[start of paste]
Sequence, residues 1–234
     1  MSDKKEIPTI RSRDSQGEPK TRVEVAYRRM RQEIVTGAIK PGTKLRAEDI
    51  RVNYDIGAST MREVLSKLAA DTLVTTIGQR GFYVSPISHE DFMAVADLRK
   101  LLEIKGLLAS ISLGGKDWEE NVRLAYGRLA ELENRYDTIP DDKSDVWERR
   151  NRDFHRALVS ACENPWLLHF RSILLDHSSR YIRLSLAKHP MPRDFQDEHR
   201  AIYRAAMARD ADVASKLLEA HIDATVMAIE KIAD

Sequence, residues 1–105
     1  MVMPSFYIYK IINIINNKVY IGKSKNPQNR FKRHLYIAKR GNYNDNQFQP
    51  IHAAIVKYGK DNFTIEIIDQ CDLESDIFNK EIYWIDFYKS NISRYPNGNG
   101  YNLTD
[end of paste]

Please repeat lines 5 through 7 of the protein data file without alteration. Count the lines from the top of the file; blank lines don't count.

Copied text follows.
   151  NRDFHRALVS ACENPWLLHF RSILLDHSSR YIRLSLAKHP MPRDFQDEHR
   201  AIYRAAMARD ADVASKLLEA HIDATVMAIE KIAD

Sequence, residues 1–105